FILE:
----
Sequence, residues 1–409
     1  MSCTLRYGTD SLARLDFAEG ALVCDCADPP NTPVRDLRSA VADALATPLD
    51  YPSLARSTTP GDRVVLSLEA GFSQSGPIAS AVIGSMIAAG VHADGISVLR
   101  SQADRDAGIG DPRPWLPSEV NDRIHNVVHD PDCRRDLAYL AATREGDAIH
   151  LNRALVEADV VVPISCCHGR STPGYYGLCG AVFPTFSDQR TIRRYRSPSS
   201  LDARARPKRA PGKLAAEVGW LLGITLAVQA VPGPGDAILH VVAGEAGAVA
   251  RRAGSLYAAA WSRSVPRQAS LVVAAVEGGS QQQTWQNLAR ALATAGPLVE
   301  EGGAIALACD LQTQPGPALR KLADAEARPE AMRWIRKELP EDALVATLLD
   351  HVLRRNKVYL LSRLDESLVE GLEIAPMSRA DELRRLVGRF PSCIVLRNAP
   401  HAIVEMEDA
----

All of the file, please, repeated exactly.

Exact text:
Sequence, residues 1–409
     1  MSCTLRYGTD SLARLDFAEG ALVCDCADPP NTPVRDLRSA VADALATPLD
    51  YPSLARSTTP GDRVVLSLEA GFSQSGPIAS AVIGSMIAAG VHADGISVLR
   101  SQADRDAGIG DPRPWLPSEV NDRIHNVVHD PDCRRDLAYL AATREGDAIH
   151  LNRALVEADV VVPISCCHGR STPGYYGLCG AVFPTFSDQR TIRRYRSPSS
   201  LDARARPKRA PGKLAAEVGW LLGITLAVQA VPGPGDAILH VVAGEAGAVA
   251  RRAGSLYAAA WSRSVPRQAS LVVAAVEGGS QQQTWQNLAR ALATAGPLVE
   301  EGGAIALACD LQTQPGPALR KLADAEARPE AMRWIRKELP EDALVATLLD
   351  HVLRRNKVYL LSRLDESLVE GLEIAPMSRA DELRRLVGRF PSCIVLRNAP
   401  HAIVEMEDA